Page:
Telepractice is the application of telecommunications technology to the delivery of speech language pathology and audiology professional services at a distance by linking clinician to client/patient or clinician to clinician for assessment, intervention, and/or consultation.
Supervision, mentoring, and pre-service and continuing education are other activities that may be conducted through the use of technology. However, these activities are not included in ASHA's definition of telepractice and are best referred to as telesupervision/distance supervision and distance education. (See Clinical Supervision in Speech-Language Pathology: Technical Report [ASHA, 2008] for information related to the use of technology in clinical supervision in speech language pathology.)
ASHA adopted the term telepractice rather than the frequently used terms telemedicine or telehealth to avoid the misperception that these services are used only in health care settings. Other terms such as teleaudiology telespeech, and speech teletherapy may be used in addition to telepractice. Services delivered by audiologists and speech-language pathologists are also included in the broader generic term telerehabilitation (American Telemedicine Association, 2010). The use of telepractice does not remove any existing responsibilities in delivering services, including adherence to the Code of Ethics, Scope of Practice in Audiology and Scope of Practice in Speech-Language Pathology, state and federal laws (e.g., licensure, HIPAA), and ASHA policy.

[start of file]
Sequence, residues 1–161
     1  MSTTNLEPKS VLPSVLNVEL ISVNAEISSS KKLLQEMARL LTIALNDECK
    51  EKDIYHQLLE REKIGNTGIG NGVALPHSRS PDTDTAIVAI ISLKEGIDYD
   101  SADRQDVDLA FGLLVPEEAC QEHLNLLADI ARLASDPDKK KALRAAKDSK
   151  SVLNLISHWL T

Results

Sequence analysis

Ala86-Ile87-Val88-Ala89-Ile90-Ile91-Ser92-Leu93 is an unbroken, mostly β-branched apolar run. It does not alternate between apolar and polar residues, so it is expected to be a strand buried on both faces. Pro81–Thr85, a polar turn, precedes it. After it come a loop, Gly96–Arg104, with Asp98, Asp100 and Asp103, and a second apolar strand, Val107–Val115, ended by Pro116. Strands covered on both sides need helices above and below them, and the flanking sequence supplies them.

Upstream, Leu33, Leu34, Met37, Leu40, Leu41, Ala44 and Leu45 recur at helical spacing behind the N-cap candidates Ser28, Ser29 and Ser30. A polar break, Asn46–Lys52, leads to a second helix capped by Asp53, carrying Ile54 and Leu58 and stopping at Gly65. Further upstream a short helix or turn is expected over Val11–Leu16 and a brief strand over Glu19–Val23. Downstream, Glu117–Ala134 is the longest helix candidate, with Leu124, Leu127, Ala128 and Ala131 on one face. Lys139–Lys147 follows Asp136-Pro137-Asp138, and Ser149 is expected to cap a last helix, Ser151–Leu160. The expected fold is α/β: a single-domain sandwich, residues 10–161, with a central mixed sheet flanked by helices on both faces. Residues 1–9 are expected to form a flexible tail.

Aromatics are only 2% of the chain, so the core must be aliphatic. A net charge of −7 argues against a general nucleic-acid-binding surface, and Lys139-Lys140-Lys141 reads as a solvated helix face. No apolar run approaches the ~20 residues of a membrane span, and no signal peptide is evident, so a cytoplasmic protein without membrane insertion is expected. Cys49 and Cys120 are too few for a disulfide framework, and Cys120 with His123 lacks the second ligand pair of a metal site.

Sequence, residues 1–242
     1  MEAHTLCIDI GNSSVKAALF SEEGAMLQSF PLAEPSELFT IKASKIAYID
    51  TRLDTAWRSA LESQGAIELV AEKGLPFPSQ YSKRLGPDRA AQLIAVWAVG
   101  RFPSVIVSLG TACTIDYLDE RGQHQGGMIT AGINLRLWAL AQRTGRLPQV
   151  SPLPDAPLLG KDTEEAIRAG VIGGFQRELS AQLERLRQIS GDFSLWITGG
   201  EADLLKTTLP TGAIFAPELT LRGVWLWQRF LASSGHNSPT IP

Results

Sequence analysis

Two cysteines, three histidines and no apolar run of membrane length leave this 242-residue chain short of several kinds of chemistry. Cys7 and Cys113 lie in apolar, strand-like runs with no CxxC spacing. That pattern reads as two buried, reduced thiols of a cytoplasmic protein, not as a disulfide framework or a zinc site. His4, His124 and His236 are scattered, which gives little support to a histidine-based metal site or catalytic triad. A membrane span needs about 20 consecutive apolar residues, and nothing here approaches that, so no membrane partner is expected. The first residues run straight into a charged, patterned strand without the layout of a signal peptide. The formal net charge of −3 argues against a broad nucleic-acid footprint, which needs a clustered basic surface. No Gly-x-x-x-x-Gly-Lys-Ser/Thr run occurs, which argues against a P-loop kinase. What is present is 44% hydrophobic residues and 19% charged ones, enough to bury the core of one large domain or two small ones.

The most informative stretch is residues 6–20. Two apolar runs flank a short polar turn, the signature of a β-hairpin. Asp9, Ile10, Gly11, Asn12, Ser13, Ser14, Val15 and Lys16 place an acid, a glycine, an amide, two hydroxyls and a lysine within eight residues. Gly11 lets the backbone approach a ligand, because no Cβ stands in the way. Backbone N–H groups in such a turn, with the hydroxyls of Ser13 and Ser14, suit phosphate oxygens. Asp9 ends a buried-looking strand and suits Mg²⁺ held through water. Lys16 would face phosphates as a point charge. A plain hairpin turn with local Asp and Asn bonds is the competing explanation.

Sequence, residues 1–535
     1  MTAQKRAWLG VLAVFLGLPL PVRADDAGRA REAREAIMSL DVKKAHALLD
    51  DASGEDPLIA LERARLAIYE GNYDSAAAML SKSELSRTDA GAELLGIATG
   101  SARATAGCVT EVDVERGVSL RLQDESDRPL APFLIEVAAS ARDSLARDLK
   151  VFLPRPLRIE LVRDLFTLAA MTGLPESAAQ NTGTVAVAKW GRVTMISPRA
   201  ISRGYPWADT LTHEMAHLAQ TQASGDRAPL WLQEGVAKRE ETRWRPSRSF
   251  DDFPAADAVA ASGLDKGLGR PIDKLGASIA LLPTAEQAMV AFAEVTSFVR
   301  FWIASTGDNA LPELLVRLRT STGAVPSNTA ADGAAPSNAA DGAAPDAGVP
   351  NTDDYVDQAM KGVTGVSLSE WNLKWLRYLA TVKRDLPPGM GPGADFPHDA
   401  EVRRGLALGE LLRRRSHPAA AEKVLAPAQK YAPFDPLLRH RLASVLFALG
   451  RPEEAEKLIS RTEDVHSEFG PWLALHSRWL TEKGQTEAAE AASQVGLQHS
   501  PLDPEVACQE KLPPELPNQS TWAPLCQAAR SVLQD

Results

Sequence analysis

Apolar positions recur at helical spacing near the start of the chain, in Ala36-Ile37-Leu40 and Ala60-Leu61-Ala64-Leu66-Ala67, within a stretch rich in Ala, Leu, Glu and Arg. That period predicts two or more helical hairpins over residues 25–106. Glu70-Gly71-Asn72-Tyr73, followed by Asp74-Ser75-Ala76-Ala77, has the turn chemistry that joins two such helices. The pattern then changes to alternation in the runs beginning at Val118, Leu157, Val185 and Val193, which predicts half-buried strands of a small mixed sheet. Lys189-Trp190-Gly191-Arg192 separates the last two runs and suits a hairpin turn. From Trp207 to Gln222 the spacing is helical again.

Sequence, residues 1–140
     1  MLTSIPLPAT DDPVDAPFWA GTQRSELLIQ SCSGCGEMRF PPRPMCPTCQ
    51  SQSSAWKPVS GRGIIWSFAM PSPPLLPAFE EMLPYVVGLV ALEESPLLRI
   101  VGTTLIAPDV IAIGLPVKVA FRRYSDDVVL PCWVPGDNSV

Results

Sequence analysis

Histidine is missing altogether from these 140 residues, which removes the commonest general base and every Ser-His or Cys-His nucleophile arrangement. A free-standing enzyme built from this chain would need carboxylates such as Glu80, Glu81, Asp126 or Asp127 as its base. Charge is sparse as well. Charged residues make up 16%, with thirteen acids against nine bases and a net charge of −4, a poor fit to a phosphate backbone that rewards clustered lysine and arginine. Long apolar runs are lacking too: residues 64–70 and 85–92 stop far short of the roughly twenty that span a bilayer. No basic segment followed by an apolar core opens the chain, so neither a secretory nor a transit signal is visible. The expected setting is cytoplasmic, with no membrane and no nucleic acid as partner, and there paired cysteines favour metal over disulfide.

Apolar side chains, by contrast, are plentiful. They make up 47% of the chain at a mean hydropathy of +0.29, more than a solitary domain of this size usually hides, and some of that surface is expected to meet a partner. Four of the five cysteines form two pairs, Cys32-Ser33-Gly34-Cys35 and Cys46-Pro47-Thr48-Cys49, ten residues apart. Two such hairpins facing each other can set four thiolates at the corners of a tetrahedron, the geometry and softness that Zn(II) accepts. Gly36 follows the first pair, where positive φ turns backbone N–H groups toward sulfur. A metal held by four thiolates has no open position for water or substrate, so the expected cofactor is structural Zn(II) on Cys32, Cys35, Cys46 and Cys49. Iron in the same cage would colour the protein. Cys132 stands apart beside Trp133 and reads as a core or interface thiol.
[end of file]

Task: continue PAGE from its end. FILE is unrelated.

Telepractice venues include schools, medical centers, rehabilitation hospitals, community health centers, outpatient clinics, universities, clients'/patients' homes, residential health care facilities, childcare centers, and corporate settings. There are no inherent limits to where telepractice can be implemented, as long as the services comply with national, state, institutional, and professional regulations and policies.
The two most common terms describing types of telepractice are synchronous (client/patient interactive) and asynchronous (store and forward).
Synchronous services are conducted with interactive audio and video connection in real time to create an in-person experience similar to that achieved in a traditional encounter. Synchronous services may connect a client/patient or group of clients/patients with a clinician, or they may include consultation between a clinician and a specialist (Department of Health and Human Services, n.d., 2012).
In asynchronous services, images or data are captured and transmitted (i.e., stored and forwarded) for viewing or interpretation by a professional. Examples include transmission of voice clips, audiologic testing results, or outcomes of independent client/patient practice.
Hybrid applications of telepractice include combinations of synchronous, asynchronous, and/or inperson services. Clinicians and programs should verify state licensure and payer definitions to ensure that a particular type of service delivery is consistent with regulation and payment policies.